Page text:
(RxWiki News) Rheumatoid arthritis is a chronic disease, meaning it can last for years to a lifetime. Throughout the course of the disease, symptoms can get better or worse. Many factors can affect disease activity, including wealth.
A lower socioeconomic status (the wealth and social standing of an individual) was associated with higher disease activity and disability among Latin Americans with rheumatoid arthritis.
That is, poorer people with rheumatoid arthritis may have more disease activity and disability than those with more money and education.
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In their recent study, Professor Loreto Massardo, of the Pontificia Universidad Católica de Chile in Santiago, Chile, and colleagues wanted to see how socioeconomic factors affected disease activity in Latin Americans with early rheumatoid arthritis.
They found that women, Mestizos (mixed heritage), African Latin Americans and Amerindians developed rheumatoid arthritis earlier than men or whites.
A low to low-middle socioeconomic status was associated with a higher Health Assessment Questionnaire disability index (HAQ DI) - a score that marks a patient's level of disability.
People of a lower socioeconomic status also had higher disease activity scores, as measured by DAS28 - a measure of disease activity that looks at 28 joints.
According to the authors, "[These] findings suggest that low to low-middle socioeconomic status is important in determining disease activity."
The researchers also found that women, older patients and patients with partial medical coverage tended to have worse HAQ DI scores.
HAQ DI and DAS28 scores were different between countries. However, when country was taken out of the analysis, lower socioeconomic status, being a woman and no medical coverage were associated with worse HAQ DI and DAS28 scores.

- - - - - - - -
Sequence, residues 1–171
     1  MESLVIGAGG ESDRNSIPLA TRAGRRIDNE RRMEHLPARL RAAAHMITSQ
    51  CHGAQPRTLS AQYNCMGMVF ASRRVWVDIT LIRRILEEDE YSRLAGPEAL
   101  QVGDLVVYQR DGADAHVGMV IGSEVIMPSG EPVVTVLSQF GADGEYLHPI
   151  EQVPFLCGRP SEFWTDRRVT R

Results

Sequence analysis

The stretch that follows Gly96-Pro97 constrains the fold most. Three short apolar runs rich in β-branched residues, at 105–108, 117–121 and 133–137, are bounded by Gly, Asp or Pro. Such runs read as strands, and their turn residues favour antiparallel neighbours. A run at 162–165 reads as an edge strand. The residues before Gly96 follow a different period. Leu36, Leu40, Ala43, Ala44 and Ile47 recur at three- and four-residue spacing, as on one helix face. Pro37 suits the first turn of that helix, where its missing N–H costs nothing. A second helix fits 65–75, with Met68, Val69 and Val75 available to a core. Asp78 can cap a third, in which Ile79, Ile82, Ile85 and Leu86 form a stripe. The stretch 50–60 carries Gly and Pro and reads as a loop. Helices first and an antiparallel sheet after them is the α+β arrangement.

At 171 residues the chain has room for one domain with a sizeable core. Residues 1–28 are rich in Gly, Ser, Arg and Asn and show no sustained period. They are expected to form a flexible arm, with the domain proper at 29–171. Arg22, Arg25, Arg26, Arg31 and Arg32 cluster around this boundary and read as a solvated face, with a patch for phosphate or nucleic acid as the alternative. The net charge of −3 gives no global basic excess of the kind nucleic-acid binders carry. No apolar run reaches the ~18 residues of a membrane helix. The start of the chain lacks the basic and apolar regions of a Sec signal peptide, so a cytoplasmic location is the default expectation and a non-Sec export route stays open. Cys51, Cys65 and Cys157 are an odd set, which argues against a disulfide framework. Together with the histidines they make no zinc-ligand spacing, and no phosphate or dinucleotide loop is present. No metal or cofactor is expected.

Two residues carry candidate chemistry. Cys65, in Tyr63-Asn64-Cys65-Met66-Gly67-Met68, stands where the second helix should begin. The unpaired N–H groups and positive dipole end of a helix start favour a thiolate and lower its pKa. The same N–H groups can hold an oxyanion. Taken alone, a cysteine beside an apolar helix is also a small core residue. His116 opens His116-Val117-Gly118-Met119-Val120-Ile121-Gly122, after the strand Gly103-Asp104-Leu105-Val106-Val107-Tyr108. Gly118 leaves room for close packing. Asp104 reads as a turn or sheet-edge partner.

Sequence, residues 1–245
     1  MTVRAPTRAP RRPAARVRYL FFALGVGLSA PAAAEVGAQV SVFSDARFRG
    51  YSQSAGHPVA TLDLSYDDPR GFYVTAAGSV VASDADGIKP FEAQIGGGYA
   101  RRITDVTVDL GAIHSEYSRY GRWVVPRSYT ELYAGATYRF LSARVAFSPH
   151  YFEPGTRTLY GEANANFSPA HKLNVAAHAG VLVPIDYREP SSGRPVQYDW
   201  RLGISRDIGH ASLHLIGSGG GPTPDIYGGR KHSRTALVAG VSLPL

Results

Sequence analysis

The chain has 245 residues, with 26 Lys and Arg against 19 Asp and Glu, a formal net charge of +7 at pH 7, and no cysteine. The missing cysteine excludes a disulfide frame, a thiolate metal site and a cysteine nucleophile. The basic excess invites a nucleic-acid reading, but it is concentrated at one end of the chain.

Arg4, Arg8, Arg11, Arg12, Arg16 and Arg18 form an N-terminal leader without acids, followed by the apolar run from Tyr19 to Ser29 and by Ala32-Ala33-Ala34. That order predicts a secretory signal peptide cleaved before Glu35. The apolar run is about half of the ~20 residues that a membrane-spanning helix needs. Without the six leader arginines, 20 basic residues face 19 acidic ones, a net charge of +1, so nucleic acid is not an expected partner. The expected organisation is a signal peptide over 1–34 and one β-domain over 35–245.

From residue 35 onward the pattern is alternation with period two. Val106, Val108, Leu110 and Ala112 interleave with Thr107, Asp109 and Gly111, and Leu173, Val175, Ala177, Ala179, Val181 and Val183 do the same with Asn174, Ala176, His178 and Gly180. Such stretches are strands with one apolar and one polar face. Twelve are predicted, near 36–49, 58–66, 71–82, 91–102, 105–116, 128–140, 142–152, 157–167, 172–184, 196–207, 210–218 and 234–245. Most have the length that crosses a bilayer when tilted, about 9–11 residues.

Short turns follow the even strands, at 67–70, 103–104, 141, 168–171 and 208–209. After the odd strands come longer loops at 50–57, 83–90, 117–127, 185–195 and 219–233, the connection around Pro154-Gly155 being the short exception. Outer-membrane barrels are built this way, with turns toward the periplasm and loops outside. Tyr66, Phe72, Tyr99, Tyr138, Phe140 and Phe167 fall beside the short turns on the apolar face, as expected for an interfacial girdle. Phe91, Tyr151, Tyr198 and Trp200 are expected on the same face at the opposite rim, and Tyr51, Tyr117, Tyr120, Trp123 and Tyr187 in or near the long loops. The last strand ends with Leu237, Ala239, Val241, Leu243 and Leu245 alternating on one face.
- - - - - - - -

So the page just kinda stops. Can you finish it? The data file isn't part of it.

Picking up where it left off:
In other words, disease activity and disability differed between countries. But when the researchers did not account for country, disease activity and disability were associated with lower socioeconomic status, female sex and no medical coverage.
Patients who were separated, divorced or widowed tended to have a higher disability score, while those who were older tended to have a higher disease activity score.
Out of 1,093 patients, 43 percent were Mestizo, 31 percent were Caucasian (white), 19 percent were African Latin American, 4 percent were Amerindian, and 3 percent were of other ethnicity.
A total of 58 percent of the patients came from a low to low-middle socioeconomic background, 42 percent had less than 8 years of education and 21 percent had no medical coverage.
Co-author Dr. Enrique R. Soriano has received fees from Pfizer and Abbott.
The study was funded by Abbott Laboratories and the Federico Wilhelm Agricola Foundation Research.
The research was published July 27 in Arthritis Care & Research.